New Tech Schools Foster Collaborative Learning by Design
By Christine Marson
Just as each New Tech student is unique, so are their learning environments. Not only does New Technology High School course content differ from traditional schools, so does the physical nature of the school’s facilities. Alan Veach, principal of Bloomington New Tech High School; Tom Wachnicki, director of Decatur Central’s New Tech School of IDEAS; and Mike Reed, principal of Columbus Signature Academy—New Tech, provided insight into the role that architecture has played in the development of their schools.
Bloomington New Tech High School
“Architecturally, Bloomington New Tech modeled itself after Napa New Tech. We attempted to create classrooms that were transparent to visitors so that it was readily apparent that what was going on inside the classroom did not resemble a traditional classroom. We accomplished this by putting large windows on all walls facing the atrium. We also tried to create some separate spaces that allowed for the students to have small group work areas. These have proved to be a valuable resource for both the teachers and students,” Veach said.
|New Tech School of IDEAS
Transparency and flexibility best describe Decatur Central’s NTHS facility. “The design of IDEAS was driven by the idea that we wanted large open spaces that can accommodate the one-to-one computer-to-student ratio necessary to run New Tech PBL, yet be able to be changed to accommodate the needs of the project. As such, we have double-sized classrooms for our integrated courses with computers that are working on a wireless network. Teachers, therefore, are able to change the layout of the classroom. The classrooms also have LCD projectors on each end of the room which allow teachers to conduct multiple workshops at once. Finally, another feature of each IDEAS classroom is our sound field system. Teachers wear lapel microphones that feed their voice to speakers around the room. This helps teachers effectively communicate in these large spaces,” Wachnicki said.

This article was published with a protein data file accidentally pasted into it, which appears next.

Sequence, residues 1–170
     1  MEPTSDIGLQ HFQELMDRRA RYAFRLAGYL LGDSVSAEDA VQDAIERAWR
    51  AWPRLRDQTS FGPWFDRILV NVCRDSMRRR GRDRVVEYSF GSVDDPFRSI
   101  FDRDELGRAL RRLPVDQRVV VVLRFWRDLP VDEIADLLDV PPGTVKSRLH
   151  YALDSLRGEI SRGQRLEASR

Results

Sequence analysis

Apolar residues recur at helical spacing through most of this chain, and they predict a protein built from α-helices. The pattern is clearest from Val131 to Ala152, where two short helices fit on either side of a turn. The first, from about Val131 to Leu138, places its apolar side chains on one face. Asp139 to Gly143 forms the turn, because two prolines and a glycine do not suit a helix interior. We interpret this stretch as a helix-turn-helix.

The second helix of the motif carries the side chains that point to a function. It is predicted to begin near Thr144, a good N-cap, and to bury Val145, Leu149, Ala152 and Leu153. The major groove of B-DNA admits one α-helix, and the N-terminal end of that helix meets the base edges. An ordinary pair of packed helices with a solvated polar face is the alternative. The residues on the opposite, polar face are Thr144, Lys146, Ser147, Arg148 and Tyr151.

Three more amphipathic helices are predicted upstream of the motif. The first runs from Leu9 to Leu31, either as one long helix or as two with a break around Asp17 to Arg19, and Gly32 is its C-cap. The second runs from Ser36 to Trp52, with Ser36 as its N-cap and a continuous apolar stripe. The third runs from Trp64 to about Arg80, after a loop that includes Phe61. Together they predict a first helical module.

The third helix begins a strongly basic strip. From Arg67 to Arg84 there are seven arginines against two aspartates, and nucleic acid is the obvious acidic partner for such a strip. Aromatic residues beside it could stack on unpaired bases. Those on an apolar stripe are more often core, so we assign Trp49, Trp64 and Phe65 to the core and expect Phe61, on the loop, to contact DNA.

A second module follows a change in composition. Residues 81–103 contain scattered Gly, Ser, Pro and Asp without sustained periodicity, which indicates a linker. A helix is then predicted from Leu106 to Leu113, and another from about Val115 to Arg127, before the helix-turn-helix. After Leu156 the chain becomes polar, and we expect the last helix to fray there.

|Another important design element of the school is its openness. “When you enter the halls of IDEAS, you can walk and look into each classroom. Now, you can do this in most schools…but typically through a sliver of window on a door. Unfortunately, even these small slivers are often covered, not allowing for any glimpses into classrooms. IDEAS embraces transparency; as you enter the hallways, you look into classrooms through large floor-to-ceiling windows. Visitors often comment that IDEAS doesn’t feel like an institution, instead it’s a more open, business-like feel which is exactly what we wanted,” Wachnicki said.|
Columbus Signature Academy—New Tech
The Columbus Signature Academy intentionally created a non-traditional school facility. The school emphasizes a professional work atmosphere with an open-air concept and transparency. “We invested a lot of time considering the design and function of each area of our building. We worked closely with CSO Architects to define how each space would be used. One of our goals going into the project was to create a space that did not look like a traditional school. We wanted our space to reflect a 21st-century professional work environment,” Reed reported.
“We refer to our work spaces as studios, not classrooms. These spaces were designed to accommodate integrated courses with up to 50 students. The studios were designed to facilitate project-based learning. This means large open spaces with flexible, moveable furniture. The tables are all on wheels which allow facilitators to easily rearrange the layout for large group workshops or for small group project work. The desire for flexible work space to encourage collaboration also steered our decision to create a wireless laptop environment rather than using desktops. The studios are very open with windows, few walls, and no doors. This design was intentional to emphasize that the work of teachers and students is public. The traditional 900 square foot classroom where teachers shut the door and block the little window does not exist in our building. We provided student storage areas in each studio, rather than lockers. This and the exposed cable trays and server emphasize our culture of trust, respect, and responsibility,” said Reed.
Published: January 2009